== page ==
Racing to get technology. Managers of the operating structures in the area were given satellite telephones in addition to the devices they had already been assigned, and all the staff most exposed to critical issues were provided with backup SIM cards from a different operator than the primary one used. Enough to work with, but also absolutely necessary for an average number of daily connections which skyrocketed in the first 15 days of March to 3,400, with dozens and dozens of meetings held remotely, and at the same time, via video and audio conference, which made the amount of data exchanged go up to an astounding 3.5 Terabytes of traffic per day, a quantity of text, that if printed, would require the paper produced from around two thousand trees.

Power, expansion and security. Internet connections have also been strengthened by optimising the VPN (Virtual Private Network) as part of a complex operation to raise the standards of resilience and, at the same time, of overall security of both the physical structures (on 20 March a second room in the Security operations centre was established for video surveillance and monitoring of anti-intrusion alarms in plants and also to increase the safety distance between employees) and of communications. In order to raise cyber security standards, the protection measures against cyber attacks were upgraded, in particular against D-DOS (Distributed Denial of Service) intrusions, the practice sadly known by experts that provides for massive multiple and simultaneous attacks which then make company systems go haywire.

Terna's National Control Centre of the electricity system (photo by Terna)

What stress teaches us. An enormous stress test, which can also provide useful information for companies facing the same problems and so they can take advantage of the same opportunities. Can this experience, dramatic as it is, provide us with a useful legacy for the future? Absolutely, on the parallel tracks of reorganising interpersonal relationships following the wave of new technologies and virtual tools that are a bit forcibly becoming the absolute prime movers in our daily lives, and of course of the small but great technological devices that surround us. Thus, the rapid, sudden growth of the functions related to the expansion of smart working confirmed how sound the communication infrastructure laid out by Terna in the area really are, which then needed strengthening, but nonetheless highlighted all the known shortcomings of the public telecommunications system.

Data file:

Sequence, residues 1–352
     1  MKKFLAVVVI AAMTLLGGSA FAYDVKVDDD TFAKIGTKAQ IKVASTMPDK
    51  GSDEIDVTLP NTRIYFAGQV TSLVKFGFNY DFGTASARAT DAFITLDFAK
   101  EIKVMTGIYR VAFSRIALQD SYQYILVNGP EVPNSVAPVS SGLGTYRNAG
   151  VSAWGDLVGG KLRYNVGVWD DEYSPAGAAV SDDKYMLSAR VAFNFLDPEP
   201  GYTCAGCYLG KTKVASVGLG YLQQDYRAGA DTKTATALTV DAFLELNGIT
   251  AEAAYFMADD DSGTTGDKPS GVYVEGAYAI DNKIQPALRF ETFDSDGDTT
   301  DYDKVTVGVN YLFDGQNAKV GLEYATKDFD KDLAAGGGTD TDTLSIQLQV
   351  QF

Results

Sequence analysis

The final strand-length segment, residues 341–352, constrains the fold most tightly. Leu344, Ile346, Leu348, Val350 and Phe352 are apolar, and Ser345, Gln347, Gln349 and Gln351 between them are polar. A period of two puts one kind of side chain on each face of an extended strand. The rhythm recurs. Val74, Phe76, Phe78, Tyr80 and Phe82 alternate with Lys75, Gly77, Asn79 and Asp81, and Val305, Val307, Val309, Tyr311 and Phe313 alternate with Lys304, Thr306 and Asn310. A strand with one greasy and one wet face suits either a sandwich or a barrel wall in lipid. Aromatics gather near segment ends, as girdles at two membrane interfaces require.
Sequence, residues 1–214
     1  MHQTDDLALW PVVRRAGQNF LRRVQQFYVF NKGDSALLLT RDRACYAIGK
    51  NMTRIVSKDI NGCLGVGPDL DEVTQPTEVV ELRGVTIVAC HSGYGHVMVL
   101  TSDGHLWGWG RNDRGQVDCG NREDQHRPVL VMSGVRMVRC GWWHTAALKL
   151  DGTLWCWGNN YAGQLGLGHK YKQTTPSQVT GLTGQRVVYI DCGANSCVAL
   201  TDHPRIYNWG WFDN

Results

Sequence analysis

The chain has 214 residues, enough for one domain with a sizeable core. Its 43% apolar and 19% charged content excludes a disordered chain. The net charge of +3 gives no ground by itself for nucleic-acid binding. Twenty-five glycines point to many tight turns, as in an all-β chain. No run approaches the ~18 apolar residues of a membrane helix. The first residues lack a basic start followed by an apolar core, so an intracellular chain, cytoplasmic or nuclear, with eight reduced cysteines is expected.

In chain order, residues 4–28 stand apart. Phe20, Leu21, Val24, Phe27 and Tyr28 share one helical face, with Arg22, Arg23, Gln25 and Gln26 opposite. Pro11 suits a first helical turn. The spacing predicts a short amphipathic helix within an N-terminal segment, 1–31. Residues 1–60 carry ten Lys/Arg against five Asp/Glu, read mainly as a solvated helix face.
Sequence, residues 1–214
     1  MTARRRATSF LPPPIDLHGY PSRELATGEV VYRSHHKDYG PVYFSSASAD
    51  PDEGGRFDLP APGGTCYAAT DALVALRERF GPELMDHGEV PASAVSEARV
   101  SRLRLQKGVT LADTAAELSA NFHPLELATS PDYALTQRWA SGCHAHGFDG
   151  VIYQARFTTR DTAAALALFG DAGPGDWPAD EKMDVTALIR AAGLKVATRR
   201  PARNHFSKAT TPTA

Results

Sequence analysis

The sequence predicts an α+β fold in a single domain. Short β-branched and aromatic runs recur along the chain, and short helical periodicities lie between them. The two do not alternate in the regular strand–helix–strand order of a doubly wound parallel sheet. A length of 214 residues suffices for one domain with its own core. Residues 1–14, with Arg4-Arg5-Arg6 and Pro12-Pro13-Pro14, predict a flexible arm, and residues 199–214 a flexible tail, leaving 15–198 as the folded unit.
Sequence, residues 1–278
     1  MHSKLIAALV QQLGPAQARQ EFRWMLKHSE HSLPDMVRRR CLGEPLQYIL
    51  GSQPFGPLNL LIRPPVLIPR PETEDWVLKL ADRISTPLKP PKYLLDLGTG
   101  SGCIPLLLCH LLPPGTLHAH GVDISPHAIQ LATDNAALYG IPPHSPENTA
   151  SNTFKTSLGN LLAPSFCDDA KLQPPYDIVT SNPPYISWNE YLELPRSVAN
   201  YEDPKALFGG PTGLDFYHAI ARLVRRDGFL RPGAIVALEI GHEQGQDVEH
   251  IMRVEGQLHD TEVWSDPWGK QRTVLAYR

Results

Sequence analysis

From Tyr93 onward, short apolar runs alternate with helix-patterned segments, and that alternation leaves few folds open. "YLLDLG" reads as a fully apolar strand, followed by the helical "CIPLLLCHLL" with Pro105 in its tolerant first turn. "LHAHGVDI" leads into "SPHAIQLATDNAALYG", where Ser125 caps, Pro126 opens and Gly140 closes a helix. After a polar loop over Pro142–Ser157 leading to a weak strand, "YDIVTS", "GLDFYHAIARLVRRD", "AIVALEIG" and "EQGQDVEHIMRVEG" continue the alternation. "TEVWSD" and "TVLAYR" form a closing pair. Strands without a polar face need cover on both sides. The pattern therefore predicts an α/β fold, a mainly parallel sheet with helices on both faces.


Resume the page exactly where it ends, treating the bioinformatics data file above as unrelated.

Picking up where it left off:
Staff working from home using their home Internet? The "digital divide" in Italy is well known. It has a huge impact on many remote places, but even within large urban areas, there are zones still served by old copper wires and first-generation ADSL. It must be said that telecommunications operators have shown great collaboration during this difficult time, and we found the solution, especially in areas where the need was greater, by using alternatives to fixed broadband connections, thanks to the excellent performance of our mobile networks, capable of providing excellent connectivity through tethering our ever-present smartphones.